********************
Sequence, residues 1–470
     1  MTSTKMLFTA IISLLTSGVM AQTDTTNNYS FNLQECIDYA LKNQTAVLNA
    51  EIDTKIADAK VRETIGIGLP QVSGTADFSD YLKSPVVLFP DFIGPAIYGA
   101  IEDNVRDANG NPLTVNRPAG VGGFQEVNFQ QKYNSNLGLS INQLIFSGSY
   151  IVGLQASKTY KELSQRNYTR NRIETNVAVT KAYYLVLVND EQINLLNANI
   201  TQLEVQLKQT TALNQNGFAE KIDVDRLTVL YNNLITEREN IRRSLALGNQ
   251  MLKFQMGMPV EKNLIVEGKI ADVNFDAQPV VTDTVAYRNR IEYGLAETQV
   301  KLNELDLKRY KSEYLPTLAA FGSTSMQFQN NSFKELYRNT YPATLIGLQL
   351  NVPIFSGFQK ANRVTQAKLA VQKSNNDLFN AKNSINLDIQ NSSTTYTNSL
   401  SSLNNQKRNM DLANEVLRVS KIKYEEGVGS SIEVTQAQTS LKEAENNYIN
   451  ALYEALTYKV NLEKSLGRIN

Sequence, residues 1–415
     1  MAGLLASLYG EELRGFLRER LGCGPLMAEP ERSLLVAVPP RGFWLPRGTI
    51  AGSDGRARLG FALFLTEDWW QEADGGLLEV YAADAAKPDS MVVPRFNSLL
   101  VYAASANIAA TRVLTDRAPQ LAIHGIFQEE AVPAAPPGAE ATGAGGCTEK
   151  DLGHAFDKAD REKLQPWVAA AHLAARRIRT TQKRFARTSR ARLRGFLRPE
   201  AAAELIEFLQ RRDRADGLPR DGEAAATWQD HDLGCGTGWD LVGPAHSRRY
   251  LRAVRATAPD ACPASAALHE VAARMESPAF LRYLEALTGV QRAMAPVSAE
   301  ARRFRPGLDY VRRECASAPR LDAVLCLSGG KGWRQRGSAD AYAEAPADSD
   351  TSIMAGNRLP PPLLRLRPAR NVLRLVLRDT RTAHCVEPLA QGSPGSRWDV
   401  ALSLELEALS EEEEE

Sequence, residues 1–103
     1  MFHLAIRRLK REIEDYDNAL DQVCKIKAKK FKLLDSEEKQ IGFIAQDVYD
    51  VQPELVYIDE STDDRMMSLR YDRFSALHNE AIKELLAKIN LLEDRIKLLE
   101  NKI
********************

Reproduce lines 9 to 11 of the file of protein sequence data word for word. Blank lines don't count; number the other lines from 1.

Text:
   351  NVPIFSGFQK ANRVTQAKLA VQKSNNDLFN AKNSINLDIQ NSSTTYTNSL
   401  SSLNNQKRNM DLANEVLRVS KIKYEEGVGS SIEVTQAQTS LKEAENNYIN
   451  ALYEALTYKV NLEKSLGRIN